Separation of Regulatory Powers When Contracts Are Incomplete


  • This paper derives from a chapter of my PhD thesis, therefore I would like to thank my advisor Abhinay Muthoo for very useful comments on the first draft of the paper. I am also grateful to Edilio Valentini who pointed out a way to present some of the ideas in the paper in a much clearer way, and participant to the SIEP 2006 conference at Pavia (Italy). The current version has greatly benefited from comments of the editor John Conley and three anonymous referees. Usual disclaimers apply.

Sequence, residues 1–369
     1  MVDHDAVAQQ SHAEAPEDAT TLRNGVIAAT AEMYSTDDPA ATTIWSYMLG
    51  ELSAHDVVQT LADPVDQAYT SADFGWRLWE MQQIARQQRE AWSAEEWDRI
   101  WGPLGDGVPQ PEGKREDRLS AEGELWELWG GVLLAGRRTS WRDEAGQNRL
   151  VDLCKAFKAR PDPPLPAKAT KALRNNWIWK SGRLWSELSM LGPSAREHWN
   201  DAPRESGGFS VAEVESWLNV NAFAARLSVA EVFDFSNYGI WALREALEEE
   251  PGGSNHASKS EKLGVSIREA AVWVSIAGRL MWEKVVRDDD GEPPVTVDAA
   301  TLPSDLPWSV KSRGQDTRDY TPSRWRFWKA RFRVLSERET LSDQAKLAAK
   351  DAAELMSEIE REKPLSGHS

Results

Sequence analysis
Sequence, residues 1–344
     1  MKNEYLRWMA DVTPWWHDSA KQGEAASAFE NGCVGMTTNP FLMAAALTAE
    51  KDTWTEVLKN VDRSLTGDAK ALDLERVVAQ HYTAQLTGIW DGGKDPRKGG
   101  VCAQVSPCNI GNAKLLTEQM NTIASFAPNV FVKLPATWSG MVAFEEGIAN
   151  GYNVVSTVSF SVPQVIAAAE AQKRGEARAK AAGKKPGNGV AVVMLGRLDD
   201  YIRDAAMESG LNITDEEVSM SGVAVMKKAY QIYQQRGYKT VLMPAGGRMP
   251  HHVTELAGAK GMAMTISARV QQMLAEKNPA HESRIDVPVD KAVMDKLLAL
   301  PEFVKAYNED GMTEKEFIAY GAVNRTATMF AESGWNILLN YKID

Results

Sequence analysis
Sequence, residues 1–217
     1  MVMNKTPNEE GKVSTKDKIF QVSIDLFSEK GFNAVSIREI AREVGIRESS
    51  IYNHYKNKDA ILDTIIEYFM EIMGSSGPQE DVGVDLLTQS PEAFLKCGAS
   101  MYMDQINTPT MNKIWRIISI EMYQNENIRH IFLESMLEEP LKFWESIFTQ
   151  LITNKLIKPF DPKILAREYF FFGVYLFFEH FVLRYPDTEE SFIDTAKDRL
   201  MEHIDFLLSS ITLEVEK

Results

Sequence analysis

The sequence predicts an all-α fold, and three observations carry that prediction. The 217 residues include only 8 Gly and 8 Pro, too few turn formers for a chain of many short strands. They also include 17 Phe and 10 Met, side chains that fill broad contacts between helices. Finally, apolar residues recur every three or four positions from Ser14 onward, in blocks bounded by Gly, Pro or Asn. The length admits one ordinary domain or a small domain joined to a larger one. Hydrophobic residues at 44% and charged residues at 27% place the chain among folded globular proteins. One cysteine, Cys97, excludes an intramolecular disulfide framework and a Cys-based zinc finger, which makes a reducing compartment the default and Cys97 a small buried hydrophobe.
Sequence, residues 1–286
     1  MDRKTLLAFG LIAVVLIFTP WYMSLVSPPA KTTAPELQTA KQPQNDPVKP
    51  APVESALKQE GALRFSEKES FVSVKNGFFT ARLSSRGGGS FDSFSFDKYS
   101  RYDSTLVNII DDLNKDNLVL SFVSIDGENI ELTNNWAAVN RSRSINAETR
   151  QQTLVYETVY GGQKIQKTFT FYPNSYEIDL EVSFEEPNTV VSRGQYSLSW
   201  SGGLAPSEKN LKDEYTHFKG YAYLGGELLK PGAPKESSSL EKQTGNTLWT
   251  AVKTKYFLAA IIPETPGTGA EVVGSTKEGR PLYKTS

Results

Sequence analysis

The investment of a regulated firm affects the service/good provided on many dimensions. Should an integrated regulator take care of them all? Or is it better to have separate regulators responsible for them? We analyze the effect of the separation of regulatory powers on the regulated firm's ex ante incentive to invest in a “cooperative” innovation. The effects of the innovation are not verifiable and the cost of investing is sunk, hence, there is a problem of hold-up. We find that when the innovation produces opposite effects the ex ante firm's incentive to invest is larger in the case of separation than in the case of integrated regulation. We also stress the risk of over-investment that the separation of regulatory powers may induce. We maintain that along with classical incentive regulation—which mainly provides incentives for the firm to be efficient—the separation of regulatory powers may play a role in providing an incentive for cooperative innovations.